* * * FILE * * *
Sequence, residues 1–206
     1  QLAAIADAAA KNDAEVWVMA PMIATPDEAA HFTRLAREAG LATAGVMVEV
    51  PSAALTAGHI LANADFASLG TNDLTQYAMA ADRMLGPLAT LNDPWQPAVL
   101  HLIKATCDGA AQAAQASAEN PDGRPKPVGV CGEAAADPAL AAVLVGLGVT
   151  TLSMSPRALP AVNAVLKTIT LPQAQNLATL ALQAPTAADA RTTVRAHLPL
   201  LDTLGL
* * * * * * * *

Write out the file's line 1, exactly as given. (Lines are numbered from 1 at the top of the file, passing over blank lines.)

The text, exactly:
Sequence, residues 1–206